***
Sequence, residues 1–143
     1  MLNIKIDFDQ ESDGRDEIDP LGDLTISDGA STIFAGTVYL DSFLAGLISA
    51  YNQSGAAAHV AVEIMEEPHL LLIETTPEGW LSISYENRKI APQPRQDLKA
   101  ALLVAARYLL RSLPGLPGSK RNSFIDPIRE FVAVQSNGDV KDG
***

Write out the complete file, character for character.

Sequence, residues 1–143
     1  MLNIKIDFDQ ESDGRDEIDP LGDLTISDGA STIFAGTVYL DSFLAGLISA
    51  YNQSGAAAHV AVEIMEEPHL LLIETTPEGW LSISYENRKI APQPRQDLKA
   101  ALLVAARYLL RSLPGLPGSK RNSFIDPIRE FVAVQSNGDV KDG